Digby and Sowton railway station

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Digby and Sowton National Rail
Digby and Sowton - fGWR 143619 arriving from Exmouth.JPG
Local authorityExeter
Coordinates50°42′50″N 3°28′26″W / 50.714°N 3.474°W / 50.714; -3.474Coordinates: 50°42′50″N 3°28′26″W / 50.714°N 3.474°W / 50.714; -3.474
Grid referenceSX960914
Station codeDIG
Managed byGreat Western Railway
Number of platforms1
DfT categoryF1
Live arrivals/departures, station information and onward connections
from National Rail Enquiries
Annual rail passenger usage*
2013/14Increase 0.773 million
2014/15Decrease 0.572 million
2015/16Decrease 0.561 million
2016/17Increase 0.589 million
2017/18Increase 0.630 million
Original companyRailtrack
23 May 1995Opened
National RailUK railway stations
* Annual estimated passenger usage based on sales of tickets in stated financial year(s) which end or originate at Digby and Sowton from Office of Rail and Road statistics. Methodology may vary year on year.

Digby and Sowton railway station is on the Avocet Line in Devon, England. The station is unstaffed,[1] however a computer ticket machine is installed selling tickets for immediate travel. As a result of this, the station is part of a new Penalty Fare Zone, where passengers could be charged a £20 penalty fare if a ticket is not purchased, prior to joining the train.


A small station known as Clyst St Mary and Digby Halt was opened by the London and South Western Railway on 1 June 1908 to serve Clyst St Mary and Digby Hospital. The 120 foot (37 m) long platforms were built from old railway sleepers. It was closed by the new British Railways on 27 September 1948.[2]

The present Digby and Sowton station was funded by Devon County Council and Tesco Stores Limited; construction began on 9 November 1994 and it opened on 23 May 1995.[3] It is situated about 380 yards (350 m) south of the site of the old station to serve new housing on the site of the now closed psychiatric hospital, and also a light industrial estate at nearby Sowton.

The station was operated by Wessex Trains, until 31 March 2006 when First Great Western took over the franchise.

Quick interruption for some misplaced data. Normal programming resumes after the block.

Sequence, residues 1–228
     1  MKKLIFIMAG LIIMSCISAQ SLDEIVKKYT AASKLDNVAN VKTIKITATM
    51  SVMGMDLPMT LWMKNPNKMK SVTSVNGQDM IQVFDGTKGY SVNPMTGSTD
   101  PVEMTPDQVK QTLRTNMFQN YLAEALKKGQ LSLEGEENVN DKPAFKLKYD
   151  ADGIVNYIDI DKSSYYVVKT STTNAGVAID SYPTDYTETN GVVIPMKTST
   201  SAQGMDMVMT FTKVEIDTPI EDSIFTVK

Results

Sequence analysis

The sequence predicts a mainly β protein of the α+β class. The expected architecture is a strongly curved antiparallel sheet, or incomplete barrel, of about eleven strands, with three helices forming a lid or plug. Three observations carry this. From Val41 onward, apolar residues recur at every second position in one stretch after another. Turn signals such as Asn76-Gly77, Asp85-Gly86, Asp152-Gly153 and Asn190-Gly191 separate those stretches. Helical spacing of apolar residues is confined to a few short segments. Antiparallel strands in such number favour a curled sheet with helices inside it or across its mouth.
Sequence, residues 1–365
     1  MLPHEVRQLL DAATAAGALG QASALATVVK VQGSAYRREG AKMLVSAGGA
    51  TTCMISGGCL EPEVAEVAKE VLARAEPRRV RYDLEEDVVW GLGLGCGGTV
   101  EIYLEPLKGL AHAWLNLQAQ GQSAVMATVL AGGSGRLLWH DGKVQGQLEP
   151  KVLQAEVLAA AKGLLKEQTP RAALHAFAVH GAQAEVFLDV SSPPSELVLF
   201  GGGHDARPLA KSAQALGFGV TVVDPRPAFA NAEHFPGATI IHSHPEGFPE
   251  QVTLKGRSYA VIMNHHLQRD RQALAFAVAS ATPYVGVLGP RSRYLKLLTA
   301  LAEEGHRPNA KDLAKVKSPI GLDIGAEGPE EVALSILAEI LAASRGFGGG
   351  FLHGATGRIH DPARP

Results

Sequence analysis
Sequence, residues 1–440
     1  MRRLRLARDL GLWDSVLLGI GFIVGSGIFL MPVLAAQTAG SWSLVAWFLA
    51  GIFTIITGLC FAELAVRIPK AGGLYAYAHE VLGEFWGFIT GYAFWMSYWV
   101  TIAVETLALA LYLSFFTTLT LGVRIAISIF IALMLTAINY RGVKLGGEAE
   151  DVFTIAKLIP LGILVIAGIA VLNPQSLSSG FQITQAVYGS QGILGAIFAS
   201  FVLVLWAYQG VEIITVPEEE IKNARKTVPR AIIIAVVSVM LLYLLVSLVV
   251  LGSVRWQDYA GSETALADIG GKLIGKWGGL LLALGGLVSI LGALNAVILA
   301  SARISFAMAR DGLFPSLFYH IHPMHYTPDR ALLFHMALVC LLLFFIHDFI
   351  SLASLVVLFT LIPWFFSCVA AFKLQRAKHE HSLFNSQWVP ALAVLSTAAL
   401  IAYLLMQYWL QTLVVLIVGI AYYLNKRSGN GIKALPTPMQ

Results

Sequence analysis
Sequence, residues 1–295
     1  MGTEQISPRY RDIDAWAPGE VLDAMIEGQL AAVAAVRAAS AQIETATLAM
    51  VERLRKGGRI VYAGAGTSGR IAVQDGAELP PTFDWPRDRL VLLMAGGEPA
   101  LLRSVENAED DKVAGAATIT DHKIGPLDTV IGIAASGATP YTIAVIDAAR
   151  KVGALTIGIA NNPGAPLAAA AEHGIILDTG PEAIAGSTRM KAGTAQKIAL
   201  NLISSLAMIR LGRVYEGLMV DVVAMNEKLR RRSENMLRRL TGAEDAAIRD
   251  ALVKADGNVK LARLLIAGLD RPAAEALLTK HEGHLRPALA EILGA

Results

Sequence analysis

The station serves the Sowton Industrial Estate via a long foot/cycle path that runs along the railway line and the housing estates around the former Digby Hospital through a step free access bridge, with divided sections for cycles and pedestrians.

The station is also a short walk to/from the Sandy Park rugby ground, the home of the Exeter Chiefs.

In 2009, it was included in a two-year scheme to improve local railway stations. Shelter space for passengers was doubled, better surface and lighting was installed, and a new footpath was created.[1] The cycle network connecting stations along the Avocet Line from Exmouth to Exeter, including the Digby and Sowton station, was improved.[1]

Passenger volume[edit]

There has been considerable growth in passenger usage of Digby & Sowton. During the twelve months ended March 2003, over 120,000 people used the station, and this doubled within five years.[4] In 2009, over 275,000 passengers used the rail station, making it one of the busiest unstaffed railway stations in the area.[1]

  2002-03 2004-05 2005-06 2006-07 2007-08
Entries 60,818 68,208 78,811 101,063 125,299
Exits 59,687 66,596 77,011 100,891 122,153
Total 120,505 134,804 155,822 201,954 247,452

The statistics cover twelve month periods that start in April.


All trains on the Avocet Line from Exmouth to Exeter St Davids call at Digby and Sowton. Beyond St Davids they generally continue to either Paignton or Barnstaple. Connections are available at Exeter Central for Pinhoe and stations to London Waterloo; passengers for other main line stations change at Exeter St Davids.[5]

Preceding station National Rail National Rail Following station
Newcourt   Great Western Railway
Avocet Line
  Polsloe Bridge


  1. ^ a b c d "Exeter rail station wins revamp cash". Express & Echo. 20 August 2009.
  2. ^ Oakley, Mike (2007). Devon Railway Stations. Wimbourne: The Dovecote Press. ISBN 978-1-904349-55-6.
  3. ^ Maggs, Colin G. (1997) [1980]. The Exeter and Exmouth Railway. Locomotion Papers. Usk: Oakwood Press. p. 41. ISBN 0-85361-430-X. LP203.
  4. ^ "Station Usage". Rail Statistics. Office of Rail Regulation. Retrieved 13 March 2009.
  5. ^ Table 136 National Rail timetable, May 2016